Environmental Venture Projects
Environmental Venture Projects
Promising research needs support to advance. To catalyze transformative environmental and sustainability research around the world, the Stanford Woods Institute has awarded millions of dollars in Environmental Venture Projects (EVP) seed grants to interdisciplinary faculty research teams from all seven of Stanford’s schools and 34 of its departments. These innovative research projects focus on finding solutions to challenges ranging from the protection of endangered species in California to the delivery of clean drinking water in Africa. EVPs have led to development of natural resources valuation software and biodegradable building materials.
Applications for 2018 Environmental Venture Project (EVP) grants are now OPEN.
The Stanford Woods Institute for the Environment (Stanford Woods) EVP program provides seed grants, from $5,000 up to $200,000 over two years, for interdisciplinary research projects that seek to identify solutions to pressing problems of the environment and sustainability. Projects are evaluated for their intellectual merit, potential to solve environmental problems, the interdisciplinary strength of the team and the project's potential to secure additional funding in the future.
**NEW** SMALL GRANTS FROM $5,000 TO $50,000 ARE AVAILABLE
The EVP Program will consider applications in two categories:
- EVP Small Grants with support from $5,000 up to $50,000 for discrete research needs and efforts to define and scope research projects at preliminary stages of development, in line with the EVP program priorities and guidelines below. *Note: Requests may be for less than $50,000, and PIs are encouraged to be judicious in their requests for EVP Small Grant funds. These EVP Small Grants are treated as department research grants, rather than sponsored research. PIs who receive an EVP Small Grant to develop a project remain eligible to apply in a future round for an EVP Grant for that project.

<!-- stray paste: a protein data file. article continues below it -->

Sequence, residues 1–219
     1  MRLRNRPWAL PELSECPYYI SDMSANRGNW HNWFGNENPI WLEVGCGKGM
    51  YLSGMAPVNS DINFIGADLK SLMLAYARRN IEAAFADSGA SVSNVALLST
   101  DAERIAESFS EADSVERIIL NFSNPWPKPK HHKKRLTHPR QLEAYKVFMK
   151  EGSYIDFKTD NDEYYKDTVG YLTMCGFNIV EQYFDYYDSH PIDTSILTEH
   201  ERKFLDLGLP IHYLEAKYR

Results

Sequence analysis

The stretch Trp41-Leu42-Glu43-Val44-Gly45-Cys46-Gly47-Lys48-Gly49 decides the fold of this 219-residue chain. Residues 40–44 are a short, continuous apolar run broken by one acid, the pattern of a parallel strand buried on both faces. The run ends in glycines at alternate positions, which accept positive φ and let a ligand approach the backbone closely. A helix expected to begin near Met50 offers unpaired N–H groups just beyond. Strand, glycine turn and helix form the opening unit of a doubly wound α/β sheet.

- EVP Grants with support from $10,000 up to $200,000 over two years for research projects per the EVP priorities and guidelines below. *Note: Requests may be for less than 200,000 and need not be for two years. PIs are encouraged to be judicious in their requests for EVP Grant funds. EVP Grants are treated as sponsored research.
Faculty members may only be Lead PI on one EVP application at a time, either for one EVP Small Grant or one EVP Grant, and not both. Faculty members are also restricted from being the Lead PI on more than one active grant from the EVP Program. However, faculty may be the Lead PI on consecutive grants from the EVP program.
The EVP program seeks projects that:
- Are high-risk, transformative projects that have the potential to produce solutions to major global environmental challenges;
- Represent new interdisciplinary collaborations among faculty who have not previously worked together, with a preference for scholarly communities that have not been active in the Stanford Woods Institute to date; and
- Address cross-cutting issues that are relevant to the environment in general and/or address challenges within one or more of the Stanford Woods’ seven focal areas.
- Examples of cross-cutting issues include: environmental ethics, cultural and humanistic influences, effective economic and incentive systems, environmental justice, political ecology, stewardship, risk perception and analysis, communication, mitigation and adaptation, responses to global changes, valuation, and interdisciplinary modeling.
- Stanford Woods focal areas include: oceans, ecosystem services and conservation, public health, freshwater, climate, food security, and sustainable development.
Proposed projects should:
- Represent one or more of the above program priorities;
- Contribute towards a solution to a major global environmental challenge;
- Demonstrate a clear strategy and pathway for connecting your research to an actual solution;
- Involve PIs at Stanford from at least two separate disciplines (For assistance identifying possible co-investigators, please visit the Stanford Woods Institute’s faculty and researchers directory);
- Document how the collaborative effort will be stronger than the sum of disciplinary parts; and
- Have the potential for obtaining future support.
Full program guidelines and specific application instructions for the 2018 cycle are now available in the RELATED DOCUMENTS section of this page.
This project explores whether the loss of large wildlife and changes in land use increase the risk of infectious disease in developing tropical countries.
IN THE NEWS
The Stanford Woods Institute for the Environment announces winners of new grants supporting innovative research and technology solutions to pressing environmental issues.
By Devon Ryan,
By Tom Abate and Andy Myers,